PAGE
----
The rollout of the I-66 Express Lanes began this morning (Monday) with tolls already on the high side for solo drivers, and high prices could be the norm depending on traffic.
Tolls as high as $25-30 were reported this morning for non-HOV drivers heading from the Capital Beltway to Washington, D.C. on eastbound I-66.
— Julie Wright (@thejuliewright) December 4, 2017
And when an ARLnow reporter logged onto the 66 Express Lanes app just before 8:30 a.m., solo drivers could still expect to be hit in their wallets, even just traveling eastbound on I-66 within Arlington.
At that time, a trip from Sycamore Street in East Falls Church to Rosslyn would cost a solo rider $11.50, while a separate journey from the Glebe Road exit to the Pentagon would cost $7. A trip from the Beltway to Washington on I-66 cost $21 at the time.
A fact sheet on the Virginia Department of Transportation’s website said tolling “will be dynamic and will fluctuate depending on the amount of traffic on the Express Lanes.”
“As with other Express Lanes facilities, dynamic pricing will manage demand for the lanes to provide users a reliable trip,” VDOT continued. “When traffic volumes increase, tolls will rise, and when traffic volumes decrease, toll rates will fall.”
⚠️ Reminder: 66 inside the Beltway is now E-ZPass only during rush hours. If you want to travel for free, you need to be HOV-2 with an E-ZPass Flex in HOV mode. Otherwise, you can pay a toll with your E-ZPass. pic.twitter.com/UJywT6MKhX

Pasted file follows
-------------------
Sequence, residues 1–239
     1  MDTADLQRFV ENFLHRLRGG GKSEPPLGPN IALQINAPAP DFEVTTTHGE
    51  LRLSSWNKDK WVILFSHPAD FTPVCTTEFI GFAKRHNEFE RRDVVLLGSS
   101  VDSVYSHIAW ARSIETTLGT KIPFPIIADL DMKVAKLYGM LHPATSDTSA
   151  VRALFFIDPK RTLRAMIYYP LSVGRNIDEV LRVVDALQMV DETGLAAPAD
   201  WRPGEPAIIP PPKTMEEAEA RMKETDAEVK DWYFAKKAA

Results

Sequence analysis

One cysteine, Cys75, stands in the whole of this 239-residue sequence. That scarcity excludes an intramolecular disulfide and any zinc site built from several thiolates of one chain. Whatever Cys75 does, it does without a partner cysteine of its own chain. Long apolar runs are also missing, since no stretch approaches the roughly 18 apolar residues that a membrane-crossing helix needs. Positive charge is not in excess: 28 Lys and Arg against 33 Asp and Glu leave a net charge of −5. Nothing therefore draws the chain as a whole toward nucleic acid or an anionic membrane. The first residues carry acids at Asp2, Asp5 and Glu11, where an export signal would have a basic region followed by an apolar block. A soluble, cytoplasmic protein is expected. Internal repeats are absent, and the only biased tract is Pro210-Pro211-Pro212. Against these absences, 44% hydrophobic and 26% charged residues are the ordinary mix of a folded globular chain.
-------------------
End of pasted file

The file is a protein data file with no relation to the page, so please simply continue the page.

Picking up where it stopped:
— VDOT Northern VA (@VaDOTNOVA) December 4, 2017
Eastbound I-66 inside the Beltway is free for carpoolers with at least two people in the car and an E-ZPass Flex device set to HOV. Solo drivers can take I-66 towards D.C. in the morning, as long as they’re willing to pay a toll that will vary with demand.
The High Occupancy Toll restrictions and charges will apply only to the peak demand direction during rush hour — 5:30-9:30 a.m. in the morning and 3-7 p.m. in the evening.
Traffic appeared to be flowing relatively freely on I-66 this morning from the overpass by Washington-Lee High School, where Gov. Terry McAuliffe (D) broke ground on the HOT Lanes last year.
Virginia State Police had warned drivers to plan ahead and recognize the change in traffic patterns at the Express Lanes, and to not stop or back up.
And VSP spokeswoman Corinne Geller said there were “[no] significant crashes or traffic problems to report with this morning’s rush hour.” Based on social media accounts, eastbound I-66 inside the Beltway experienced delays on the Theodore Roosevelt Bridge heading into D.C. — a fairly typical occurrence for the morning rush.
“State police thanks all the motorists who put the extra effort into planning ahead and being prepared for the I-66 changes,” Geller said.
Update: Delay: EB on I-66 at T. Roosevelt Bridge in Arlington Co. No lanes closed. Minor Delays.8:54AM
— 511 Northern VA (@511northernva) December 4, 2017
Image No. 1: screenshot via 66 Express Lanes app